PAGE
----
Mice heterozygous for CREB binding protein are hypersensitive to γ-radiation and invariably develop myelodysplastic/myeloproliferative neoplasm

Stephanie N. Zimmer, Madeleine E. Lemieux, Bijal P. Karia, Claudia Day, Ting Zhou, Qing Zhou, Andrew L. Kung, Uthra Suresh, Yidong Chen, Marsha C. Kinney, Alexander J.R. Bishop, Vivienne I. Rebel

Research output: Contribution to journalArticle

19 Scopus citations


Myelodysplastic syndrome is a complex family of preleukemic diseases in which hematopoietic stem cell defects lead to abnormal differentiation in one or more blood lineages. Disease progression is associated with increasing genomic instability and a large proportion of patients go on to develop acute myeloid leukemia. Primarily a disease of the elderly, it can also develop after chemotherapy. We have previously reported that CREB binding protein (Crebbp) heterozygous mice have an increased incidence of hematological malignancies, and others have shown that CREBBP is one of the genes altered by chromosomal translocations found in patients suffering from therapy-related myelodysplastic syndrome. This led us to investigate whether hematopoietic tumor development in Crebbp+/- mice is preceded by a myelodysplastic phase and whether we could uncover molecular mechanisms that might contribute to its development. We report here that Crebbp+/- mice invariably develop myelodysplastic/myeloproliferative neoplasm within 9 to 12 months of age. They are also hypersensitive to ionizing radiation and show a marked decrease in poly(ADP-ribose) polymerase-1 activity after irradiation. In addition, protein levels of XRCC1 and APEX1, key components of base excision repair machinery, are reduced in unirradiated Crebbp+/- cells or upon targeted knockdown of CREBBP levels. Our results provide validation of a novel myelodysplastic/myeloproliferative neoplasm mouse model and, more importantly, point to defective repair of DNA damage as a contributing factor to the pathogenesis of this currently incurable disease.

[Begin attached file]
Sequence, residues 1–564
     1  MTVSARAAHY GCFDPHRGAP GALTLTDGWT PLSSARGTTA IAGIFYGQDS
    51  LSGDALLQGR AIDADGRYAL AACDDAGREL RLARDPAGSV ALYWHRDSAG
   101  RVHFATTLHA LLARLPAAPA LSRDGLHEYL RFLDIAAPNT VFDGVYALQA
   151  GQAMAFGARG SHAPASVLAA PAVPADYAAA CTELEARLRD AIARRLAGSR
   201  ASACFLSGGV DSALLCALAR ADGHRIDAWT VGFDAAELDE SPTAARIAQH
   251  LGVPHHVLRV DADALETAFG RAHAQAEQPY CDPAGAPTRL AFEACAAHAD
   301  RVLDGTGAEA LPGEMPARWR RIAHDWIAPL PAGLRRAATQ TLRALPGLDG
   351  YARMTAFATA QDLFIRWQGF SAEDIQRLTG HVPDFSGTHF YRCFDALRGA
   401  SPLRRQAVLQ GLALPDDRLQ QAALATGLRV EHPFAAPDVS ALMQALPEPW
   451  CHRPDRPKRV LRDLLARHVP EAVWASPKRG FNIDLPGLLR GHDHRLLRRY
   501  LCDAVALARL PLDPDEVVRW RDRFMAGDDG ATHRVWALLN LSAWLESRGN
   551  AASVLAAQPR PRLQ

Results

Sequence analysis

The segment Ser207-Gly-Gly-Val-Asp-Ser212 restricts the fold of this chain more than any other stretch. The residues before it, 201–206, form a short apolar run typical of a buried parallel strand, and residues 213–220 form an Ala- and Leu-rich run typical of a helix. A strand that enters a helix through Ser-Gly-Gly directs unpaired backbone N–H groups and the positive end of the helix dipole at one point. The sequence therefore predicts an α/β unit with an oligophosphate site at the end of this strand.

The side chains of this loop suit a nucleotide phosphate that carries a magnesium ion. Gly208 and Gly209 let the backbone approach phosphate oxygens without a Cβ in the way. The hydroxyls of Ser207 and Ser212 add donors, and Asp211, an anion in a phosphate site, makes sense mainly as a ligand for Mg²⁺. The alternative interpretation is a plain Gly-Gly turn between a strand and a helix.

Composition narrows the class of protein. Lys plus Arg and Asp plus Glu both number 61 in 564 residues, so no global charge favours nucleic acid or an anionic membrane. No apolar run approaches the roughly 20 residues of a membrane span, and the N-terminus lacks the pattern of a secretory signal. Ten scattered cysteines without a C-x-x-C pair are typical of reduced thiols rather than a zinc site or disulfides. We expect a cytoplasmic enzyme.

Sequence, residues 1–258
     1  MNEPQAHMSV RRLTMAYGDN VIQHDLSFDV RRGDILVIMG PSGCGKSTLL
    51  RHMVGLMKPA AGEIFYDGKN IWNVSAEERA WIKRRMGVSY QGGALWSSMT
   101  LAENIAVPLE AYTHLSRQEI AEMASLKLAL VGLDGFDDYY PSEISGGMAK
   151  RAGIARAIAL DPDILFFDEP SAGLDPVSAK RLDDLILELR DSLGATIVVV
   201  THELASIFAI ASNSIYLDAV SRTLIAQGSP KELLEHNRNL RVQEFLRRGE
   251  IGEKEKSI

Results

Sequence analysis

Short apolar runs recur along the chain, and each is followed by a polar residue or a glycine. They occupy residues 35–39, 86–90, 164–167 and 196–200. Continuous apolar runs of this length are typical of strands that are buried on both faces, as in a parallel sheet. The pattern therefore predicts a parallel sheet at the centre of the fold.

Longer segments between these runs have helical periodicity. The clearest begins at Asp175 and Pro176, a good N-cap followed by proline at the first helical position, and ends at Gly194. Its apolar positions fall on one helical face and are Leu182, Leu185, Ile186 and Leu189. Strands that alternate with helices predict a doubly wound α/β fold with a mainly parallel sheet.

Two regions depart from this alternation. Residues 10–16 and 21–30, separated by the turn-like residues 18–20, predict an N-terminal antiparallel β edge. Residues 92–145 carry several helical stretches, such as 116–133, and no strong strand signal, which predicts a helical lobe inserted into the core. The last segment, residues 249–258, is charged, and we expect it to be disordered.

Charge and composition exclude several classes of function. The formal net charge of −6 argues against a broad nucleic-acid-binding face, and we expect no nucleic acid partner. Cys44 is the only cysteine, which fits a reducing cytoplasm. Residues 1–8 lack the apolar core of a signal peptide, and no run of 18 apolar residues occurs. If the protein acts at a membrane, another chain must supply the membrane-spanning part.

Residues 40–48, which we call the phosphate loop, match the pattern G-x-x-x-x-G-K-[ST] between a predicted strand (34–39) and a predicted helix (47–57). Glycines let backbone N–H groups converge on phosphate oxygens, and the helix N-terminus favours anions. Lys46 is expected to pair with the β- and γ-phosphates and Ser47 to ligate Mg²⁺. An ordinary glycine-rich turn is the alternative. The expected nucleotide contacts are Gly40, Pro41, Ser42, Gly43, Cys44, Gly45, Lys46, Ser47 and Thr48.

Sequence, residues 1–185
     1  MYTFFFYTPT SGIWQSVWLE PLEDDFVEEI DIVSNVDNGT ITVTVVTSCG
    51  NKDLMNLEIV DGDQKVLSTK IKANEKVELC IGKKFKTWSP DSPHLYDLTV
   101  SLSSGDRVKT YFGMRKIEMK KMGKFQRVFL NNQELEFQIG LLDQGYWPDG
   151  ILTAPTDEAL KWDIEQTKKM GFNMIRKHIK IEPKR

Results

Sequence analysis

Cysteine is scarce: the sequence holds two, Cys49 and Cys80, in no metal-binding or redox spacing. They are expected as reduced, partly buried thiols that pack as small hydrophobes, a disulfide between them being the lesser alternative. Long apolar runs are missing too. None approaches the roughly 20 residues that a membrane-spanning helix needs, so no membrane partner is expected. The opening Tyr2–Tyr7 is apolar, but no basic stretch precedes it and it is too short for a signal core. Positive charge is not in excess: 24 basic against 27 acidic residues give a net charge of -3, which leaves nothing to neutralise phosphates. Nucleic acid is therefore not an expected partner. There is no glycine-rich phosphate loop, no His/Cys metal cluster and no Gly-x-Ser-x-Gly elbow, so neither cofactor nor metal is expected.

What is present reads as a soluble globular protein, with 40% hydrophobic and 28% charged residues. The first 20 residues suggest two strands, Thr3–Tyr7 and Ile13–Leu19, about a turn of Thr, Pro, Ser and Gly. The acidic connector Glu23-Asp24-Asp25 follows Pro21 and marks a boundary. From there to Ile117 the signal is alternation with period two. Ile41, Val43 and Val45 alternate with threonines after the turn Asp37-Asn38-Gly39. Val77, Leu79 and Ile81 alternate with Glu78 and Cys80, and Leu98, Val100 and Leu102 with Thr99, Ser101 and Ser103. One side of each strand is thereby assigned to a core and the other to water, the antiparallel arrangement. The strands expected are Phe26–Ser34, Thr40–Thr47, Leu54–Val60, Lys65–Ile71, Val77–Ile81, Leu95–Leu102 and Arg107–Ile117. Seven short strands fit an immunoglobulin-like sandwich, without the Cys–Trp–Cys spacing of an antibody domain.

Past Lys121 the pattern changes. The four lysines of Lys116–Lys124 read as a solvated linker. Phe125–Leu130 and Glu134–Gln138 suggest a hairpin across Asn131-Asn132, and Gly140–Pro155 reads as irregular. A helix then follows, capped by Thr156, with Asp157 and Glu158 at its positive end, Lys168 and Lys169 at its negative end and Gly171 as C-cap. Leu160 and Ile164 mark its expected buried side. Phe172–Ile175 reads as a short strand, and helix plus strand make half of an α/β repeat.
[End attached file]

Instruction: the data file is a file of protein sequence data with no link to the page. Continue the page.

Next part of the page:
Original languageEnglish (US)
Pages (from-to)295-306.e5
JournalExperimental Hematology
Issue number4
StatePublished - Apr 2012


ASJC Scopus subject areas

  • Molecular Biology
  • Hematology
  • Genetics
  • Cell Biology
  • Cancer Research

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